Resume Writing - Tips and Advice

Job-hunting is not the most exciting thing in the world but you can make it easier. The key is organization. Keep a record of companies you have applied and any contacts that may or may not have with them. One of the first things you need to do be creative in your resume writing.

The appearance of your resume is of paramount importance. The most obvious fact is it needs to be neat and all items must be spelled correctly. Correct information is of paramount importance especially if the interviewer decides to check out your information. The format should be simple and plain. It should highlight your accomplishments.

The quality of the paper you use to send out resumes should be of professional quality. Most job seekers use a paper that is not glossy and is a 20-weight paper. You should use the same paper for your resume, your cover letter, and the envelope. It comes across as being more professional.

The font should be clear and easy to read. The size of the font is important. Personally I prefer a font of 12. It is clear and the letters are not blurry as they can be with some fonts. The suggested font to use in your resume is a Sans Serif font such as Arial or Verdana. They are clear and stand out better in faxes.

When describing your skills in particular, use strong action words. Instead of starting a sentence with a noun use a strong verb. When using numbers use percentages, dollar amounts when describing money, and the number of people you supervised if this is applicable.

Your resume should be one page only. The information should be presented as concisely as possible. There will be a place in the cover letter and possibly an interview to expound on your skills. Resumes that are too long are often put aside because employers simply don't have the time to read through lengthy dissertations. If it doesn't fit on one page try paring it down to the bare minimum. The information must be relevant to the position you are applying for. Do not forget to attach your cover letter.

There are two types of resume formats that are used. The functional format will put your skills into categories. Your titles are listed on the bottom. This format is used by people who are changing careers and who don't want to draw attention to gaps in employment or a possible lack of direct experiences. The chronological format is used by those on a career path. Your employment and education are listed in reverse chronological order. Outline your skills to show your best accomplishments. The categories that you include on your resume must be relevant to the position for which you are applying.

Your resume will be different if you are fresh out of college and unemployed, if you have been out of the work force for an extended period of time (i.e. to raise your kids), or if you are a teenager going for the first job. A resume is one the most important tools you have to use in your job search.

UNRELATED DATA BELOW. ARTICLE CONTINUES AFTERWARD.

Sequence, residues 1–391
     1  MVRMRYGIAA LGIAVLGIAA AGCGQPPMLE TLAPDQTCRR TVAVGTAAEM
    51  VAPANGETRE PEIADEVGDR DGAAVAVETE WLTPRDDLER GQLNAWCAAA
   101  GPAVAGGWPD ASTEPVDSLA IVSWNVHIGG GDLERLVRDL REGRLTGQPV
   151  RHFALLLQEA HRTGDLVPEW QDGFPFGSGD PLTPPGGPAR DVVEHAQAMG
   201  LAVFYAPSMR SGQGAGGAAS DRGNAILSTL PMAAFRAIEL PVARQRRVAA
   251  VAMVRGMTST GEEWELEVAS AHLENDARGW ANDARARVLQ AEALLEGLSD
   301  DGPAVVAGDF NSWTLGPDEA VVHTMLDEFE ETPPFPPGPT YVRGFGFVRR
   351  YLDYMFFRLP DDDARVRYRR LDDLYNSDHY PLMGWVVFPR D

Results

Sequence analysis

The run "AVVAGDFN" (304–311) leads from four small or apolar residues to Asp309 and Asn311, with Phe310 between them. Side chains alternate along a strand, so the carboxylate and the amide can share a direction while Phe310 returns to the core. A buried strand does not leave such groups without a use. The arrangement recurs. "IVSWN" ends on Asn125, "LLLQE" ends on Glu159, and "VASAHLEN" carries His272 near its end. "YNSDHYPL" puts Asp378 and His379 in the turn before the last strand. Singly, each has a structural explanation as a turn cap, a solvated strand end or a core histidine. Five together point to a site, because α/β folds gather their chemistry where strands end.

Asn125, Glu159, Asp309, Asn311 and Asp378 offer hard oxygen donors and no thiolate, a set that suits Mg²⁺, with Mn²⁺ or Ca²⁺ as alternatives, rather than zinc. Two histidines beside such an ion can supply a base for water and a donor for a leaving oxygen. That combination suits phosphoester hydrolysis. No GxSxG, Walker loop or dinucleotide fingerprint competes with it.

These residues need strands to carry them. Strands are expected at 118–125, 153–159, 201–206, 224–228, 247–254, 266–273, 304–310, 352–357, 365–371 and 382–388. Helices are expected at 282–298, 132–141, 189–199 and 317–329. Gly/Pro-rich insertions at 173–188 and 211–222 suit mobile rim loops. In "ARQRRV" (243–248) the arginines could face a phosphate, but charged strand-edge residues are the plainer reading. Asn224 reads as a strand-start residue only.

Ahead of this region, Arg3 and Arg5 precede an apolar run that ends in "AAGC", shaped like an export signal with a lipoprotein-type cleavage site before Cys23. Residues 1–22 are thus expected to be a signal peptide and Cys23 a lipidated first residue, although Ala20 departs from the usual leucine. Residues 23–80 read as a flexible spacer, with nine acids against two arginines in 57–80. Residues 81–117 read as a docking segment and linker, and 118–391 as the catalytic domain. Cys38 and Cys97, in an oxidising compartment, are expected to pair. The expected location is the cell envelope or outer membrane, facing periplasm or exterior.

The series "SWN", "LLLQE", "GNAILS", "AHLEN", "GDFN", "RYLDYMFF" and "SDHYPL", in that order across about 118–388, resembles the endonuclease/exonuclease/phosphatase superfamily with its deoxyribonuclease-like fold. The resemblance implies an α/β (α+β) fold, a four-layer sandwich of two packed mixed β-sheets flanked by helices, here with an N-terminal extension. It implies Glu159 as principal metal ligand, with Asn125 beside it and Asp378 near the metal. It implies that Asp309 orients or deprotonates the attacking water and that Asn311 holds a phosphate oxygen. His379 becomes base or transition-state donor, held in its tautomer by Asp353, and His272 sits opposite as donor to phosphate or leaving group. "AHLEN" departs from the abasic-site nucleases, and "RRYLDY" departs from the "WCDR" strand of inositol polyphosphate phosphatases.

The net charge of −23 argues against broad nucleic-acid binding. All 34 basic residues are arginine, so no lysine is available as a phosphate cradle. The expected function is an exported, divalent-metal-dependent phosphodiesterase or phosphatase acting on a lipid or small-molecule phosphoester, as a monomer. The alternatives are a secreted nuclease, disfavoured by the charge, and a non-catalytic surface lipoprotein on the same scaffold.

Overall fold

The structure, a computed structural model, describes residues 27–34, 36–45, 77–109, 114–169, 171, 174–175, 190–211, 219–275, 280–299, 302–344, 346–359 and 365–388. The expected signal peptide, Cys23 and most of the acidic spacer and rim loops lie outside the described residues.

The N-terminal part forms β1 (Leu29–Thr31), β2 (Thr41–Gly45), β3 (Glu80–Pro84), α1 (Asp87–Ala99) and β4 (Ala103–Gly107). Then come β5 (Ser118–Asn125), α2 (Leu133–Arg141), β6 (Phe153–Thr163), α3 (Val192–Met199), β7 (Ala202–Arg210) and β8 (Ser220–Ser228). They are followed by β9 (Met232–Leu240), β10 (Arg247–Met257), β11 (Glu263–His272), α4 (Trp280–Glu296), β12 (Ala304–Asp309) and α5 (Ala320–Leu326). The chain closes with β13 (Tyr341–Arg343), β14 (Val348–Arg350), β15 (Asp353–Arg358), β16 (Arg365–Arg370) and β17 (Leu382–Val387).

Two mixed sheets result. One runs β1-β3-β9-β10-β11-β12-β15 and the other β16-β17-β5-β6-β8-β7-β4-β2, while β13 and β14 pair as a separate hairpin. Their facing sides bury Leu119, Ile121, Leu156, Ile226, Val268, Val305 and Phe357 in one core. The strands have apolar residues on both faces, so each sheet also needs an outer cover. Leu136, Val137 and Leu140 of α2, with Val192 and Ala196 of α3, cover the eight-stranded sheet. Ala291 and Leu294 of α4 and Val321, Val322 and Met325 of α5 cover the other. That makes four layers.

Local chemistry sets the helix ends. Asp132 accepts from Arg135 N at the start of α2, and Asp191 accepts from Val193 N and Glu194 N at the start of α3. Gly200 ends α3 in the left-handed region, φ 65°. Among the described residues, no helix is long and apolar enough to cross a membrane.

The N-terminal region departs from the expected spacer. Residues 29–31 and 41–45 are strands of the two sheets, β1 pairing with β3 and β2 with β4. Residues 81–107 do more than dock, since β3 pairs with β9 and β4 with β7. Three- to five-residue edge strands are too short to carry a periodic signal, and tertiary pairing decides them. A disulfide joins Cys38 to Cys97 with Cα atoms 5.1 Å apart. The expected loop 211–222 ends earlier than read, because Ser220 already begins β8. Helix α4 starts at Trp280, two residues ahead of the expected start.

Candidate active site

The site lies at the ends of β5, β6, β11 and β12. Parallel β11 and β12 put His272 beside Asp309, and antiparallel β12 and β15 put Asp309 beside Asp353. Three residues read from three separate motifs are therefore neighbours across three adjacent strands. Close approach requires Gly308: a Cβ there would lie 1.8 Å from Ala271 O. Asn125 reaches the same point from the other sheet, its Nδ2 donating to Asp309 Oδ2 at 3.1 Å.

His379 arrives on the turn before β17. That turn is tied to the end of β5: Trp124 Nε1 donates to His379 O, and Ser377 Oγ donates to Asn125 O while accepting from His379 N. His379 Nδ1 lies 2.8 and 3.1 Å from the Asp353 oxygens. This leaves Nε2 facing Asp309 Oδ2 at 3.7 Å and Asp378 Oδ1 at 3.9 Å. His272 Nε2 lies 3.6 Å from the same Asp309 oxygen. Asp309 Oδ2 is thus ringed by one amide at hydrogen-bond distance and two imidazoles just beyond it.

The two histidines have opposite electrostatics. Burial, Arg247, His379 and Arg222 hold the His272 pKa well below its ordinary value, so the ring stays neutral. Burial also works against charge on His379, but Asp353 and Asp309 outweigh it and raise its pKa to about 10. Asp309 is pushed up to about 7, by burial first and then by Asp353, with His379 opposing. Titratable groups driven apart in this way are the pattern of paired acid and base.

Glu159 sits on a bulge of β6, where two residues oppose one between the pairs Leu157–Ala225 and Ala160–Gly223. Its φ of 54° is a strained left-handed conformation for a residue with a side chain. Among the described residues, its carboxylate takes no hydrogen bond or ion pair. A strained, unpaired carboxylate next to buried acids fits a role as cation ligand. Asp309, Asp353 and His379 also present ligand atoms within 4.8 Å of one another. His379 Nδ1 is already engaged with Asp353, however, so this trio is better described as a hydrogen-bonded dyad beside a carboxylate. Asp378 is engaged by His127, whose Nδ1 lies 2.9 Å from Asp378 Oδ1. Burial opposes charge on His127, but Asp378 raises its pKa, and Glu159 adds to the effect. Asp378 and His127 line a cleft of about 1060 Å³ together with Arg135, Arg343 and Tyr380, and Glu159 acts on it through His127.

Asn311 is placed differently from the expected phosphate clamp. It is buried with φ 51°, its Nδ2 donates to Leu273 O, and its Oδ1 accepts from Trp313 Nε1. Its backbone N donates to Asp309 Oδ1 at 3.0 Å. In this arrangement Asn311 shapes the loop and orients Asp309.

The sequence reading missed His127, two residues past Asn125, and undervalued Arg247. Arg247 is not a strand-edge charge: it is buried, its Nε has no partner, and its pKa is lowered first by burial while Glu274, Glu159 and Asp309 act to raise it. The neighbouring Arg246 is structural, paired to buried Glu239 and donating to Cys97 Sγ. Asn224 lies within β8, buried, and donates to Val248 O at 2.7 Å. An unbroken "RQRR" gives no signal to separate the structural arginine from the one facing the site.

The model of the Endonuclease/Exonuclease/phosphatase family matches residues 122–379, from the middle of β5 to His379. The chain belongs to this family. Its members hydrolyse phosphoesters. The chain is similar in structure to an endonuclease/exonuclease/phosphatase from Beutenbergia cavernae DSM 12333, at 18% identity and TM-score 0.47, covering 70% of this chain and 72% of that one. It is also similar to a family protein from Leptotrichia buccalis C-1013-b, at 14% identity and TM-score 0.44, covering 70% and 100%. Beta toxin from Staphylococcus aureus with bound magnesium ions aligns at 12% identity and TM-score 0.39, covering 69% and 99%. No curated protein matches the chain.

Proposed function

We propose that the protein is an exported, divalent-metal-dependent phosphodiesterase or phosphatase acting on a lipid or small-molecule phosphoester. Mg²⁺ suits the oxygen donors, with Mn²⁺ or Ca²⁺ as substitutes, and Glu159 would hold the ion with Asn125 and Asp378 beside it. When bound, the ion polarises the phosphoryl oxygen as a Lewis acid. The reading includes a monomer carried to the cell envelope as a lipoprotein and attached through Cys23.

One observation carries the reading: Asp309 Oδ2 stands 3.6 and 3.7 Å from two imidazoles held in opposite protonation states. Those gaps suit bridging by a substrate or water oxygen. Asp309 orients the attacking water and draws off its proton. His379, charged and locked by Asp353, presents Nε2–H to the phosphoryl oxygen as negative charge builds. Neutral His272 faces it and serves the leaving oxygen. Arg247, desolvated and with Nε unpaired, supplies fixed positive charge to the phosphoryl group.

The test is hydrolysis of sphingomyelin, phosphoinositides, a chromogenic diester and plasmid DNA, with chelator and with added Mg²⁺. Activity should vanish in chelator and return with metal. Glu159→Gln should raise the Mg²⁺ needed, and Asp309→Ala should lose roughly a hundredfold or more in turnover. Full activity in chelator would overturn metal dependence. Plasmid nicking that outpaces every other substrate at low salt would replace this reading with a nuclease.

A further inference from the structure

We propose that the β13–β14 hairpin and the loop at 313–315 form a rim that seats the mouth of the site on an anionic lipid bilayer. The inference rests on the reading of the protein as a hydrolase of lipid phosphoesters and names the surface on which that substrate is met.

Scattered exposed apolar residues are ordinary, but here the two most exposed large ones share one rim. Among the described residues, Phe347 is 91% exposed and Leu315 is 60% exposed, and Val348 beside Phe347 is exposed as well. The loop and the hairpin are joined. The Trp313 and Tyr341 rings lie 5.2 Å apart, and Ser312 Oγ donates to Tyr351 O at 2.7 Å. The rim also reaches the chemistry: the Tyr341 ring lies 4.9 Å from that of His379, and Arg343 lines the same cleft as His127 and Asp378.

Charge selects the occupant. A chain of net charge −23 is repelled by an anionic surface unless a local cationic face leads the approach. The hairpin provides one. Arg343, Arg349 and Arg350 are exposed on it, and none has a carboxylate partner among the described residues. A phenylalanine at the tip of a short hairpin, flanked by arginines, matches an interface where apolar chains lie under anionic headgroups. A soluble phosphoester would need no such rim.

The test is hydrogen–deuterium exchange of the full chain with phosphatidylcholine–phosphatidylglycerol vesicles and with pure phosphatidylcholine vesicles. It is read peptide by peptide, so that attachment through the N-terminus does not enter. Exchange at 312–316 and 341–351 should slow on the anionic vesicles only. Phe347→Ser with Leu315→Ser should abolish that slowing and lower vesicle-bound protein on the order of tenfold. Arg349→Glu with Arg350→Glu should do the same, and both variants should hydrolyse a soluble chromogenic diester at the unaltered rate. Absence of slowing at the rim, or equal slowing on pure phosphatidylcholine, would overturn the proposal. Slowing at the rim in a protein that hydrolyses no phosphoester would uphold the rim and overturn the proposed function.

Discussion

The categories will be similar for all manner of people seeking employment. The purpose of your resume is to give employers the maximum amount of information in as few words as possible. Some companies receive hundreds of resumes at any given time. Your resume should standout but not be outlandish. Professionalism is the key. Below is a figure showing what a professional could look like. Remember the information is to be clear and concise. It should be easy on the eyes and professional.

JANE DOE
5 Main Street
Anywhere, Any state 00000
jado521@anysite.com
(000) 111-2233

Job Objective: to obtain a position as (name the position)

Education: Any School University B.S. in Anything 2000 -2004
111Any Road
Any-town, USA 88888

Somebody High School High School Diploma 1995 -1999
East Highway Road
Anywhere, USA 88888

Employment: Here list your employers putting the current one first. If you haven't had experience let them know that. If you were a babysitter you can add that to your resume. It at least will show them your work ethics.

Skills: List some of the thing you do reasonably well that are relevant to the position. Are you going for a position as a teacher's aid? List your duties you had in baby-sitting or if you tutored anybody, list those duties as well

Related Volunteer Experiences: Here be as descriptive as possible and be as descriptive and exact as you can. Remember be descriptive but concise.

References: Will Be Furnished Upon Request (Be prepared with a list of three to five people that have consented to give you a recommendation. Include who is familiar with your work as it relates to the position.

Finally the resume is about selling yourself. Give them just enough information to have them come back and want more details. Good Luck!

About the Author
Martin Smith is a successful freelance writer providing advice on a variety of subjects.

Visit his website Resume Writing for more tips and advice.

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